The heir apparent and their nascent steps

A host of youngsters used the platform to present their case to the keenly watching selection panel. The little bit of Akshath Reddy was seen on celluloid while representing the erstwhile Indian Premier League (IPL) franchise, the Deccan Chargers. The platform was good but the youngster could not make the kind of impact that the tournament demanded. The NKP Salve Challenger Trophy however, proved to be a different ball game. Playing for India Blue, he started off with a consummate half-century against Delhi. The slight-framed Reddy followed up this knock with a better one against India Red, scoring 84 from 96 deliveries. Coming from Hyderabad, the 22-year-old carries on the legacy of being a wristy batsman and shows great promise for the future. His habit of getting out to rash shots is one chink in his armour that needs to be rectified and the youngster is fully capable of mending his ways and fighting for a national spot a few years down the line.

Milind Kumar, another 22-year-old youngster playing for Delhi, showed great levels of maturity in the tournament. Coming in with just six First-Class and 15 List A games to his name, Milind scored an important half-century in the final to prove that there was probably no correlation between age and temperament. Milind walked in to bat when Sehwag was dismissed cheaply to leave Delhi in a spot of bother. His knock of 54 from 67 deliveries helped Delhi stay in the game till the very end before falling short by 50 runs. Milind’s good technique and ability to revel under pressure makes him an exciting prospect for the future.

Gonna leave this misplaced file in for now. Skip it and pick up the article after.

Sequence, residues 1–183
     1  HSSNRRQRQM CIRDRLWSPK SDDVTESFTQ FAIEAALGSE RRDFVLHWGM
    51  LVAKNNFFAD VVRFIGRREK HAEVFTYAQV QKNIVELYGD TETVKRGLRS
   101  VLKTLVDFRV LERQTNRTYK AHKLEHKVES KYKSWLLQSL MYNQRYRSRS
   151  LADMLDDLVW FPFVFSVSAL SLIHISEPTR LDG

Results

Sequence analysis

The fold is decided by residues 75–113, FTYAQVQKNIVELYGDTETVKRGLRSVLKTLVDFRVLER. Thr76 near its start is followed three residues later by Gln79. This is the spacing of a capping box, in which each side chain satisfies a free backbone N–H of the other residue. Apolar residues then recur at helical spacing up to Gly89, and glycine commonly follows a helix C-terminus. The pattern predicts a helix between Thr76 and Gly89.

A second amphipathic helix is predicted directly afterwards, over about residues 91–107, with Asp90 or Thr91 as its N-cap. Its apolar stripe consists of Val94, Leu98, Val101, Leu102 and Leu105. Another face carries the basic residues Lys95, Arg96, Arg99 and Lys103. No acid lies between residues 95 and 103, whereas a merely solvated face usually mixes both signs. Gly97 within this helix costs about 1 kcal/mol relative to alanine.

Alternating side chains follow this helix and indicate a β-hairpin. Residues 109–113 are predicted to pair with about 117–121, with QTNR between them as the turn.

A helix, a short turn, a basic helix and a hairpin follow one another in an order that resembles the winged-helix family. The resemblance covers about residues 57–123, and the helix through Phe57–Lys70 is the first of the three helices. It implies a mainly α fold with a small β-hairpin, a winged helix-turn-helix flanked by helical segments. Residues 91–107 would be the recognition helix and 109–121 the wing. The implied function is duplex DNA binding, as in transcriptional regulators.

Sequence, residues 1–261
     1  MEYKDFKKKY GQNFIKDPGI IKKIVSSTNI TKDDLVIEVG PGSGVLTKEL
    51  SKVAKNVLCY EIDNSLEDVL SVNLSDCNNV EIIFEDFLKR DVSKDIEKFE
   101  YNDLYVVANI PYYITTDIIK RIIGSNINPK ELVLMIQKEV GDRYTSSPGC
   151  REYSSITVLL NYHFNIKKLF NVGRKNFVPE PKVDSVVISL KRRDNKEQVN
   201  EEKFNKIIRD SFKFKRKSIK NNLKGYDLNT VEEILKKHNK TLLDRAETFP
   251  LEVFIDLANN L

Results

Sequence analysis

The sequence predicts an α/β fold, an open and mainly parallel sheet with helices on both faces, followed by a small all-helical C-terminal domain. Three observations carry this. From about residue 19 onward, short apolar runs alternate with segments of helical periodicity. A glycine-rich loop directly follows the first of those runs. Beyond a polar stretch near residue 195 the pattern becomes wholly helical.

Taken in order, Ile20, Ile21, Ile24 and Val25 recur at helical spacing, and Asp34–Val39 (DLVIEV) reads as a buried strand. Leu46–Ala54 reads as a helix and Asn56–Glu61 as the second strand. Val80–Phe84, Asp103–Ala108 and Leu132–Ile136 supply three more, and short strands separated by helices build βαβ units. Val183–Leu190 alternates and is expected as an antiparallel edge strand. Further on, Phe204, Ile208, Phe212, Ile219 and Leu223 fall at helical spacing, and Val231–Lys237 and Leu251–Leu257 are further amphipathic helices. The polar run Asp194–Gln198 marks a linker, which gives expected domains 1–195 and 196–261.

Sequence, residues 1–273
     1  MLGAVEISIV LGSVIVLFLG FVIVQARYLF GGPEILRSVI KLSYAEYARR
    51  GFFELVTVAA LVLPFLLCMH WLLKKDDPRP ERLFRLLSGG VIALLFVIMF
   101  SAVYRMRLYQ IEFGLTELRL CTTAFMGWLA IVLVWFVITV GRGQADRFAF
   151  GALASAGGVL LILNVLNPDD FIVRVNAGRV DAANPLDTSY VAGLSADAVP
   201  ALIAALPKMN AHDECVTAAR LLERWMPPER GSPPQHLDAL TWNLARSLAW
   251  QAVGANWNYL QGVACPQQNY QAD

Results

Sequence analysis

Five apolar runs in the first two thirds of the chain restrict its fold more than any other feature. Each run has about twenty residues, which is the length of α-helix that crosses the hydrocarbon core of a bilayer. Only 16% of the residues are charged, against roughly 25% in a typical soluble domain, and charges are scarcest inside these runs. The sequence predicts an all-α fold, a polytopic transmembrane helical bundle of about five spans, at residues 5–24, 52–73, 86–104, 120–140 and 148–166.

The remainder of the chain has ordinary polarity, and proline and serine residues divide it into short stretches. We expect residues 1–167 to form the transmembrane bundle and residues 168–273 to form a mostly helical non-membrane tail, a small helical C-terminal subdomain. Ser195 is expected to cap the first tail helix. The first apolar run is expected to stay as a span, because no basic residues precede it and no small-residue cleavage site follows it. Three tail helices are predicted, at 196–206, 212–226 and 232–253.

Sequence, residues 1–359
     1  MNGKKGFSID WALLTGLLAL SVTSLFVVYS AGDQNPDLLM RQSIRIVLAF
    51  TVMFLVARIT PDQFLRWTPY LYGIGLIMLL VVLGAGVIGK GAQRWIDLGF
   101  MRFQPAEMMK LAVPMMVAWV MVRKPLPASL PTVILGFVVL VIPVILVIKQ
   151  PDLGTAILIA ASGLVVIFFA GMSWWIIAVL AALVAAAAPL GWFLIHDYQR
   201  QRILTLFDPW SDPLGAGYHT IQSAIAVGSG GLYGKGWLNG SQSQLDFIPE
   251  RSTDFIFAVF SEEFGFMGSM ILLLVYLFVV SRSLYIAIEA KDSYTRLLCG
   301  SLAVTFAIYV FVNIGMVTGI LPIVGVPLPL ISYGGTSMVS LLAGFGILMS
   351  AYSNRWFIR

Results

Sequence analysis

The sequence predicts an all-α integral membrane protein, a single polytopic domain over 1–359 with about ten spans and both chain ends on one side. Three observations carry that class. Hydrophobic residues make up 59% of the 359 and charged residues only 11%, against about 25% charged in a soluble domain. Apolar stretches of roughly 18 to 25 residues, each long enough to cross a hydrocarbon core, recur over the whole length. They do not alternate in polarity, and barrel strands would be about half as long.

The soft-spoken 24-year-old right-arm off-spinner Shahbaz Nadeem too had a decent run in the tournament. He picked up just two wickets but his ability to keep the run flow under control deserves praise. While plying his trade in the IPL for the Delhi Daredevils, he had just four overs to prove his worth and make an impact against batsmen who would seldom rate spinners highly, given the format of the game. In the Challenger series however, Nadeem’s economy rate of 4.57, the best in the series, has its own story to tell. The off-spinner has put in a disciplined performance, ensuring the selectors of options in the spin department for the future.

The perennial performers

Not every day do you come across cricketers with a domestic batting average of 48.90 and close to 100 wickets to their names in First-Class cricket who are struggling to find their footing at the highest level. Meet Rajat Bhatia, the unfortunate perennial performer who has endured season after season for Delhi in a hope to represent the country some day. At 33, not much hope would be left but Bhatia continues to toil. His ability to play the role of an aggressor down the order and bowl medium-pace with exceptional variation made him a vital cog for Delhi in the tournament. His four-wicket haul in the final against India Blue was an exceptional display of bowling. With the best trick up his sleeve — his slower delivery — Bhatia accounted for two of his four wickets.

The consolidators